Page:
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Washington • Lockheed Martin Corp. is likely to face competition from Boeing and Northrop Grumman for billions of dollars in contracts to build as many as 22 improved GPS satellites, according to a top U.S. Air Force procurement official.
The Pentagon approved an Air Force proposal for competition in part because Lockheed fell behind in completing the first of as many as eight of the GPS III satellites under a contract it won in 2008. Lockheed is about 28 months late in delivering the first satellite because of flaws in the satellite's navigation payload system, produced by a subcontractor, that the company and the military say are now corrected.
"We want to get competition as much as we can so that we can try to drive down costs and get a better system," Lt. Gen. Arnold Bunch, the Air Force's top uniformed acquisition official, said in an interview.
More than one company has expressed interest, but "we've got to figure out if it's really viable" before seeking final Pentagon approval next year to proceed with a procurement competition, he said.
The Global Positioning System developed by the U.S. military has become ubiquitous, providing turn-by-turn directions on the smartphones of drivers and hikers as well as coordinates for smart bombs hitting Islamic State targets in Syria and Iraq.
The new GPS III satellites promise increased accuracy for navigation, plus a signal that's compatible with similar European satellites and greater resistance against jamming, which has become a top concern for the Pentagon.
Lockheed, the biggest U.S. government contractor, now plans to deliver the first GPS III satellite under contract in August 2016, provided that corrections to deficiencies in its navigation payload pass testing in a vacuum test chamber that replicates space. The Air Force hasn't yet executed an option for a ninth and 10th satellite.
The first phase of competition for more of the satellites would be a request for proposals by the end of the year, canvassing interested contractors in a "production readiness assessment." That could result in three early contracts of as much as $6 million each, Bunch said.
A contest to build new GPS satellite would be separate from the competition the Air Force has begun for launching military satellites.
The Air Force this month released a request for proposals on the first of nine competitive military launches through 2017 that will pit billionaire Elon Musk's Space Exploration Technologies Corp., or SpaceX, against United Launch Alliance, a partnership of Lockheed and Boeing.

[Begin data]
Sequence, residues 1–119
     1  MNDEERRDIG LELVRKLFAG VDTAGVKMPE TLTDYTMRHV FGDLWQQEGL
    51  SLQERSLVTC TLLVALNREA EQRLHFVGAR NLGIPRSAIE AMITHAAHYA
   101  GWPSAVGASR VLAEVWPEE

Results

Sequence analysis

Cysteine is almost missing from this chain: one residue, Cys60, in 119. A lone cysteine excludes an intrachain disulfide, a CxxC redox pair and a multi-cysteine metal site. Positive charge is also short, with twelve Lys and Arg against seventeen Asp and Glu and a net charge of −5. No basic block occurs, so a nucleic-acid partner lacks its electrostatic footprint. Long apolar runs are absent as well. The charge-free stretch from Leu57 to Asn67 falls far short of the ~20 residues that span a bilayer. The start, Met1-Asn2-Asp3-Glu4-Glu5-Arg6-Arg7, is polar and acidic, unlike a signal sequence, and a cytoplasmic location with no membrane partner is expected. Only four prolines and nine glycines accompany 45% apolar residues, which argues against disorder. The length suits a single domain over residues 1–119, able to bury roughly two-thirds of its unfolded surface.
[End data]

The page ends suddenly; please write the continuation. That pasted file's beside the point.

While the Air Force didn't provide a cost estimate for the 22 GPS III satellites that may be awarded through competition, the service said in a statement that the eventual inventory of 32 satellites will be valued at about $7.6 billion.
Lockheed beat Boeing in May 2008 for the initial $1.46 billion contract.
Boeing is interested in competing for the next batch of satellites and "is uniquely qualified to provide lower-cost alternate GPS III solutions that will improve and strengthen the constellation," said Terence Williams, a company spokesman.
Northrop is looking forward to receiving the request for proposals and is "excited about the potential opportunity to support this mission area," spokesman Randy Belote said.
While Lockheed is "fully focused on execution and performance for the eight GPS III satellites we currently have on contract," it will compete for the remaining 22, said spokesman Chip Eschenfelder.
The payload that required fixes provides "GPS III's powerful new signals to the ground users," Eschenfelder said. The satellite is now in a vacuum chamber in Denver, where it will be subjected to the depressurization and extreme heat and cold conditions it would experience during its lifetime in orbit, he said.
"We had a technical issue that we've worked our way through now, and now we're getting satellites," Bunch of the Air Force said.
The Government Accountability Office said in a report last month that in addition to the delay in delivery, the date when the GPS III will be ready to launch has fallen even further behind to May 2017, or about three years later than planned.
Because of the delays, Lockheed so far has lost $164 million in fees out of a pool of $437 million provided as incentives and awards for performance, according to Air Force data.